I don't get a light, because with my setup, the TCM cannot tell what I'm doing. As far as it "knows", it is still controlling the transfer clutch solenoid. That is what one of the resistors is for, a dummy load that mimics the transfer solenoid.

BTW, anyone notice the buzzing you get from the transmission when in R,1,2,3, or 4? Open your driver's door with the engine running and you'll hear it. Then place the selector in P or N, and the buzzing slowly goes away. That buzzing noise is the transfer clutch solenoid!

#43 nipper

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Posted 08 December 2006 - 01:50 PM

Actually, I don't get a light because of the resistors. Before I had those in place, I did get a light. In fact, Andy and many others have also reported getting the light whenever they used the switch.

I also don't get a light, even if I leave the switch in the locked position when I shut off the car and remove the key, and then restart.

I don't get a light, because with my setup, the TCM cannot tell what I'm doing. As far as it "knows", it is still controlling the transfer clutch solenoid. That is what one of the resistors is for, a dummy load that mimics the transfer solenoid.

BTW, anyone notice the buzzing you get from the transmission when in R,1,2,3, or 4? Open your driver's door with the engine running and you'll hear it. Then place the selector in P or N, and the buzzing slowly goes away. That buzzing noise is the transfer clutch solenoid!


never heard it, i went out and listened for it, and mine doesnt buzz.

nipper

#44 MountainBiker

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Posted 08 December 2006 - 01:57 PM

never heard it, i went out and listened for it, and mine doesnt buzz.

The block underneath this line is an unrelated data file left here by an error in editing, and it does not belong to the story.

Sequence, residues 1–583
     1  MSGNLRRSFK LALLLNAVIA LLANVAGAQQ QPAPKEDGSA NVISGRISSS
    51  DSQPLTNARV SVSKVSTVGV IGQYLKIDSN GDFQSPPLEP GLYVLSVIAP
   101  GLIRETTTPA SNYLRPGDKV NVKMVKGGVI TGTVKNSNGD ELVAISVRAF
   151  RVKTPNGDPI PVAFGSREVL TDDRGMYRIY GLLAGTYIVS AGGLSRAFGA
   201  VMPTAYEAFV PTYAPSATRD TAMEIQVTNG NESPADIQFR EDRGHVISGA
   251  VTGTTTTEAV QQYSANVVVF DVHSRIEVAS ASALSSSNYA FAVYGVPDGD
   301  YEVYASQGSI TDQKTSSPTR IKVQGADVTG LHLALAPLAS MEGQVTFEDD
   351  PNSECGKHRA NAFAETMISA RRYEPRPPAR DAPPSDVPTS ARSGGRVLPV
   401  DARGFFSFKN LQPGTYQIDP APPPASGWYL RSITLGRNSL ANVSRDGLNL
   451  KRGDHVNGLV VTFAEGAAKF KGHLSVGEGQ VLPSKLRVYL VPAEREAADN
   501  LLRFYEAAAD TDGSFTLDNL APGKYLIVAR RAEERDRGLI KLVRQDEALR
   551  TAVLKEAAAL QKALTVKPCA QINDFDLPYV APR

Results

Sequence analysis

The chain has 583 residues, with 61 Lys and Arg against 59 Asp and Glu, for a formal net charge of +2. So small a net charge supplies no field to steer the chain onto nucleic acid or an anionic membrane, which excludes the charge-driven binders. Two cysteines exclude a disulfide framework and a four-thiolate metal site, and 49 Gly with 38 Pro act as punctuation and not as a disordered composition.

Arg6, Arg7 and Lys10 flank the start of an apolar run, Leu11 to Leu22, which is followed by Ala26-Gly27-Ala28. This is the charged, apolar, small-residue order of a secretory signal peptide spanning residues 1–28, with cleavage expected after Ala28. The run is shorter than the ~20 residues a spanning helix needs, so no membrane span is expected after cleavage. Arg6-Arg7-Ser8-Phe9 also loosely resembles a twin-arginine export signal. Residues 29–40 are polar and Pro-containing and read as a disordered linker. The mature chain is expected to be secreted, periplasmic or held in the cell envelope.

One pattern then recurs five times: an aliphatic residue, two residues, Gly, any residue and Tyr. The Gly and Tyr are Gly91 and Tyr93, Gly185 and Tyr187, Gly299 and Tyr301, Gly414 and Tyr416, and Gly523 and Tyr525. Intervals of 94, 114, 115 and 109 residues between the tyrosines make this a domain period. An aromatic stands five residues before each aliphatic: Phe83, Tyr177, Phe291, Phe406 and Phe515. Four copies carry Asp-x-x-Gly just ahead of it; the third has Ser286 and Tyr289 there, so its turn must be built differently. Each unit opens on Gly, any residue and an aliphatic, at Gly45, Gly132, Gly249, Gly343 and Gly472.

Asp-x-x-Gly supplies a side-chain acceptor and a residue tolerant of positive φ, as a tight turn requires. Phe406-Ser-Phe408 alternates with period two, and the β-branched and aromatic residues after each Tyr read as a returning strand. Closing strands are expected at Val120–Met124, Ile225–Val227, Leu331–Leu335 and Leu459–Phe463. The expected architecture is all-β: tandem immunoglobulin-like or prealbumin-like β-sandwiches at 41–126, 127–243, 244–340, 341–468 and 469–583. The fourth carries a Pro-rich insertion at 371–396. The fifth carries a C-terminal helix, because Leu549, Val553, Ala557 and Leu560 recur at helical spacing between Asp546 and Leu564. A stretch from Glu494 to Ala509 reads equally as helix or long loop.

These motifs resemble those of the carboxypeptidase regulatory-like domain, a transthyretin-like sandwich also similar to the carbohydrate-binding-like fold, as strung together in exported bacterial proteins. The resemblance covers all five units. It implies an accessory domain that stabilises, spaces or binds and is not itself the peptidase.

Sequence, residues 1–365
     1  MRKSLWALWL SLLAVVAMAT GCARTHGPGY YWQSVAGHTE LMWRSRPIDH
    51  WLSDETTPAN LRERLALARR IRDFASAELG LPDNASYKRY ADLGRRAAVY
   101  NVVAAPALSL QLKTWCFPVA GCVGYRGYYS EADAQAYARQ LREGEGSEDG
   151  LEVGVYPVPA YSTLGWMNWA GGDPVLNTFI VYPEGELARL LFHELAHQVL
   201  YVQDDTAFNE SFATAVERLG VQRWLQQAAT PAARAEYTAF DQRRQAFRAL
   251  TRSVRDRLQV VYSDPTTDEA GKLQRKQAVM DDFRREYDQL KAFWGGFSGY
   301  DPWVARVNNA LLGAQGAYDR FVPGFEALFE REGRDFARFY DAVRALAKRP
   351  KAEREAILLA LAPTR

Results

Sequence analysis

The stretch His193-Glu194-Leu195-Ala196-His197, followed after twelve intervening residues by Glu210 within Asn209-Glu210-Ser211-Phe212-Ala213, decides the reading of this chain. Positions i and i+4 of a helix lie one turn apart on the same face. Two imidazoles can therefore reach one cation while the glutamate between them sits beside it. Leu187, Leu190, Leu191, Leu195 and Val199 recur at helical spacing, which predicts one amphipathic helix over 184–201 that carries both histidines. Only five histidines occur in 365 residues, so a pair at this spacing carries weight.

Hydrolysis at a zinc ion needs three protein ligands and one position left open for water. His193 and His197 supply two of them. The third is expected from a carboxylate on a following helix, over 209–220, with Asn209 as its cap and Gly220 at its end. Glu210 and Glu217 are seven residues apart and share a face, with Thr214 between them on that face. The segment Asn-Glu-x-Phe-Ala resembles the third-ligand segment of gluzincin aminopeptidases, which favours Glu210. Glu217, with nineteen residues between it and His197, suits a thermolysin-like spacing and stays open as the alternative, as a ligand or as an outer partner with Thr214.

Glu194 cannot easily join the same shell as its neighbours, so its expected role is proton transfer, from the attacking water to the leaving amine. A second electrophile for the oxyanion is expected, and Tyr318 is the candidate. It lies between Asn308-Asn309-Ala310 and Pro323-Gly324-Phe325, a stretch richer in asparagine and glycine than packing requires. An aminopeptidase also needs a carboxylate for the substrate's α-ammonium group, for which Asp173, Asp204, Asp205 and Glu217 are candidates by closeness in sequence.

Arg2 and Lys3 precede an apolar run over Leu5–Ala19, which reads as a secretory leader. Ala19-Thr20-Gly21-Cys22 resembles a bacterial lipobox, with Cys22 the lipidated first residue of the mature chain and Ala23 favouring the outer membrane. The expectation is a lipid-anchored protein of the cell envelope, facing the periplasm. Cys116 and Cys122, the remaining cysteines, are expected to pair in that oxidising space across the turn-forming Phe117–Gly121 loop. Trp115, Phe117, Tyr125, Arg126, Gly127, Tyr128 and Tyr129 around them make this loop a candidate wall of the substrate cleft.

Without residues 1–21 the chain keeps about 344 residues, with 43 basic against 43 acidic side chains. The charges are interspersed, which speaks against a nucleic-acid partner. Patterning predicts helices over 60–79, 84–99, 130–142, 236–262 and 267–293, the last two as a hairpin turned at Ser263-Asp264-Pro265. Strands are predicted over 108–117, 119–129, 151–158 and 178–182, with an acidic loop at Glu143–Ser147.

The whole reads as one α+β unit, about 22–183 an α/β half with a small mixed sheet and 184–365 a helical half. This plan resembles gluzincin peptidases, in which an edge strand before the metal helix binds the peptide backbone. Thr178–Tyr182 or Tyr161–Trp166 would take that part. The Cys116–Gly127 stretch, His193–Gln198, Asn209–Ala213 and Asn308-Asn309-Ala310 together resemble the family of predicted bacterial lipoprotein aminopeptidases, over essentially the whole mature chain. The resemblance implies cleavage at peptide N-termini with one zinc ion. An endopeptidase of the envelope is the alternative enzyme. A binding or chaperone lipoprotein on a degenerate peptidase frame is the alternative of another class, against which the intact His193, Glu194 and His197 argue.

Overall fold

nipper

Maybe it's just the later models then, or maybe I'm sensitive to the frequency. I've heard it on all Foresters from 2001-2005

#45 Wayne Boncyk

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Posted 08 December 2006 - 01:57 PM

never heard it, i went out and listened for it, and mine doesnt buzz.

nipper


Maybe it only buzzes with this resistor setup? Mine has never buzzed either.

#46 nipper

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Posted 08 December 2006 - 02:02 PM

Maybe it only buzzes with this resistor setup? Mine has never buzzed either.


the resistor is making it buz. Apply a resistor in line with a duty solenoid, or almost any solenoid and ti will buzz (not fully engage). On the plus side this may be why he is not chewing up his clutch pack. he als is cycling the solenoid much faster then the TCU does, so he is allowing for the plates to slip like they should.
Maybe he has found the holy grail :)

nipper

#47 Wayne Boncyk

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Posted 08 December 2006 - 04:54 PM

the resistor is making it buz. Apply a resistor in line with a duty solenoid, or almost any solenoid and ti will buzz (not fully engage). On the plus side this may be why he is not chewing up his clutch pack. he als is cycling the solenoid much faster then the TCU does, so he is allowing for the plates to slip like they should.
Maybe he has found the holy grail :)

nipper


Yeah - makes sense. Not sure how much AWD you'd really be getting with a setup that doesn't fully engage the solenoid, though.

#48 nipper

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Posted 08 December 2006 - 06:27 PM

Yeah - makes sense. Not sure how much AWD you'd really be getting with a setup that doesn't fully engage the solenoid, though.

ssssshhh dont tell mountainbiker that :brow:

nipper

#49 porcupine73

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Posted 08 December 2006 - 08:43 PM

Oh is that what that buzzing noise is? I hear it on '00obw with key in run (but engine not running) and shifting the AT gear selector. Maybe since it's pumping no ATF at the time the sound is more audible.

#50 MountainBiker

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Posted 09 December 2006 - 04:32 PM

You people don't understand. The buzz is 100% not related to the resistors I've added. The buzzing is in stock vehicles and mine too, because my TCM thinks it is stock. Like I said, maybe my ear is sensitive to this frequency, because I hear it on all the 4EATs I've come across.

BTW, my 4wd works so good (when I've engaged it) that if I try to make a u-turn, even on dirt, I grind to a halt due to binding. When I make tight turns in sand, I get massive understeer. It doesn't get much better than that.

I'm not trying to force anyone to do this, and there are risks involved, especially for those that don't engineer a good system. With the proper design, install and use, transfer clutch life can be extended, and offroad capability can be improved.